Asian influenced home is the greenest renovation in the state of FloridaIt was difficult to decide whether to tear the house down and start over or renovate. The Owner of the ranch-style house an Siesta Key wanted her home to tread lightly on the earth, especially considering its location: saltwater inlet on a nature sanctuary, with views of mangroves. So she hired MyGreenBuildings, an award-winning, green-focused general contractor, along with Osborn-Sharp Architects Of the famed Florida house), who chose to use as much of the existing structure as possible. The result is the highest-scoring FGBC-certified renovation to date.
The 4,000-square-foot house scored 232 points out of 300 on Version 5 of the FGBC’s Florida Green Home Designation Standard. A minimum of 100 points is required for a house to be FGBC certified. My Green Buildings co-founder Steve Ellis says, “We did not set out to be one of the greenest homes in the state, but that’s the way it played out.’ Ellis and his business partner, Grant Castilow, worked closely with their green consultant, Drew Smith of Two Trails,Inc. To make sure they met the requirements for taking the project green.
The house has many of the green technologies that have become increasingly familiar solar water heating, a closed and insulated attic lighting and Energy Star appliances, HVAC with central dehumidification water-saving toilets and other plumbing fixtures and manifold plumbing system that delivers hot water to demand to the point of use. The healthful interior finishes include green-core cabinets with no added urea formaldehyde, and zero -VOC paints, sealers, adhesives, and finishes. The landscaping is Florida-friendly.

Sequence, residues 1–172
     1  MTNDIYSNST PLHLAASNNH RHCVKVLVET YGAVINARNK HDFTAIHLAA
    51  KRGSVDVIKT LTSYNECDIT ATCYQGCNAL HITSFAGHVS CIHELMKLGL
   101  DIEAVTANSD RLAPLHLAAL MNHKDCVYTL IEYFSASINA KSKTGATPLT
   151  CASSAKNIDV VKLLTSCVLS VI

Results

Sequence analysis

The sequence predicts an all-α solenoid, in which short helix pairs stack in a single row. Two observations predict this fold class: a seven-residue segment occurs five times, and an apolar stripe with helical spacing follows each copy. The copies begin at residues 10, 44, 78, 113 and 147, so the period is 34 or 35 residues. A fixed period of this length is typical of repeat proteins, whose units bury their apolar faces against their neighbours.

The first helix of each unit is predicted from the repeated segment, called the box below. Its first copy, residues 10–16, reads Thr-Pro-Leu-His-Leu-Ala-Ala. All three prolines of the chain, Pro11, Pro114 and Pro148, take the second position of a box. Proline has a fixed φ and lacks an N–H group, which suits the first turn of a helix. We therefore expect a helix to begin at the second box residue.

But much of the home’s greenness was derived from its passive characteristics. Ellis calls the home ‘Siesta Key Zen because of its Asian-influences, which include five-foot overhangs that reduce the energy load on walls and windows, and an open floor plan and door system that enable entire walls to be open for cross-ventilation. The owner “wanted to make sure the air movement in the home was nice and easy,” says Ellis. “To make it open up, we chose a NanaWall-like product, a folding accordion door system. There are 20-foot spans that are completely open and allow air to flow through.”
He tries to dispel the “myth” that a green house has to look industrial. “This is more of a .Saks Fifth Avenue’ green home, as the owner referred to it. This is what I think people are looking for. They don’t want to give up high style. Not only did we manage to create a really beautiful structure, but we did it all the way green. There is something to be said for that.”
From Florida Green Building Magazine